Ce module a été développé afin de rendre le site Efrei accessible au plus grand nombre.

Si malgré notre vigilance, vous rencontriez le moindre problème d’accessibilité sur notre site, n’hésitez pas à nous contacter à l’adresse site-groupe@efrei.fr ou par téléphone au +33 188 289 000.


The increased integration of mobile communication devices has enabled the rapid development of private and personal wireless networks, including devices connected to the human body. “Connected objects” is the terms used to identify the hardware that supports of these networks.

Efrei Research Lab conducts research on connected objects and their networks using a top-down approach: from the application to the system. This work concerns both localization within buildings via radio frequency technologies, as well as the electrical modeling and optimization of RFID, HF and UHF systems. This protean ensemble that undergirds the “Internet of things” is the phenomenon which has given rise to the concept of “big data”.


The Internet of Objects (IoT) is now at the heart of academic and industrial research because (1) the profound scientific challenges that includes, (2) the tremendous market it represents and (3) redefining the boundaries of the different actors it involves. The IoT thus requires a new architecture and a business model that takes into account the specific characteristics and requirements of this new type of network:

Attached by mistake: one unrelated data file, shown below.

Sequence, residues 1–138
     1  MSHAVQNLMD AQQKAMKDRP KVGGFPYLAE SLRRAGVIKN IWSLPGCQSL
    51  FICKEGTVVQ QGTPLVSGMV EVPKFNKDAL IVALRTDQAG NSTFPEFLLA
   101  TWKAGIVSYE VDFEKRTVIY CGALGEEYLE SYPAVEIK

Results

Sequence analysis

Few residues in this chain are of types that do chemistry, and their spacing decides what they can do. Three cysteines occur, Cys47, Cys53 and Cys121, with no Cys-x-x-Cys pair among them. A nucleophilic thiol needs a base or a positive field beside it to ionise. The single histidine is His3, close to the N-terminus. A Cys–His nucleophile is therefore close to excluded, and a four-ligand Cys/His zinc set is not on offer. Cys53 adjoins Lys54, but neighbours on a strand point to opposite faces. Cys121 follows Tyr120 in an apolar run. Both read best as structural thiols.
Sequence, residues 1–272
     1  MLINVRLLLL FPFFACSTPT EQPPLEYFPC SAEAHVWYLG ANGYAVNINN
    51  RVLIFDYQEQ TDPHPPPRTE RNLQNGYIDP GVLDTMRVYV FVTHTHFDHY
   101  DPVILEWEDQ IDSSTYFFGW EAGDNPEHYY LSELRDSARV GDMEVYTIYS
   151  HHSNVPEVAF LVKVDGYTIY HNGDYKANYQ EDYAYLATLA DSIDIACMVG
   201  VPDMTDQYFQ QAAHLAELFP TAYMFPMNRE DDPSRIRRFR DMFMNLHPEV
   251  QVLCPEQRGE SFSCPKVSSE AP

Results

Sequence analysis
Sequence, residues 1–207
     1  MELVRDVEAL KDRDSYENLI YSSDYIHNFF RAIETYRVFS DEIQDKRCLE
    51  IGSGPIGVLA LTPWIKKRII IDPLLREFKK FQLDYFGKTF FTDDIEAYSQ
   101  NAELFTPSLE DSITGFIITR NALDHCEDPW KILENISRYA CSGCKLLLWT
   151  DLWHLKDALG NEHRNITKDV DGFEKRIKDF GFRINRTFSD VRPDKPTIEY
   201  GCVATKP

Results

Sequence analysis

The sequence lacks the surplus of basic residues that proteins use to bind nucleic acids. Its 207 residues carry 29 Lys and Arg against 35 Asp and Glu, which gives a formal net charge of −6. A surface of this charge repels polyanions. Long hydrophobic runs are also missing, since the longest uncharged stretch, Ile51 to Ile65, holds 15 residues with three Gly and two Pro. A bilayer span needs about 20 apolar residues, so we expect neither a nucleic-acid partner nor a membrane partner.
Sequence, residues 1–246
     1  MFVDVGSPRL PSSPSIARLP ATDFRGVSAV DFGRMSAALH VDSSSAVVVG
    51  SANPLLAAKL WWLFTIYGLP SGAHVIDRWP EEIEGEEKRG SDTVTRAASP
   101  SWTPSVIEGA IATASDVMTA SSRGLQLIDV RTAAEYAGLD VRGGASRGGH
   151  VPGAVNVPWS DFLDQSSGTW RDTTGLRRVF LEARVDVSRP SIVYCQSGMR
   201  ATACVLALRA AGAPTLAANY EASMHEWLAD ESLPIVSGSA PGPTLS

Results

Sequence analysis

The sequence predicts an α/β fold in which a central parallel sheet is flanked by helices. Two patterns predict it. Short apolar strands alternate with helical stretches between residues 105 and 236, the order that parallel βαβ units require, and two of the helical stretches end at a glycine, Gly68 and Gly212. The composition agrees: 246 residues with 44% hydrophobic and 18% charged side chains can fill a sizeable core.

• Networking software-defined (SDN) is an interesting way to improve the flexibility of network infrastructure in IoT. The main feature of the SDN is to allow programming of network behavior Instead of simply configuring it.
  • With network virtualization (NFV), different applications can coexist on the same shared infrastructure, allowing for the inclusion of new applications while supporting legacy applications. Two major challenges in the context of network virtualization are the isolation and allocation of resources.
  • With these different technologies (SDN, NFV), network programming provides flexibility and modularity to simultaneously create multiple application-tier-driven logical networks via APIs. These different logical networks are called network slices, and is the end-to-end networking between a client and a network service based on a virtual network (SDN overlay) or physical (SDN) infrastructure.
  • To achieve these objectives, 5G networks will need to be adaptable, dynamic and programmable from end to end using virtual structures. This is facilitated by the implementation of network trimming for each supported application, with tailored performance invoked autonomously and programatically.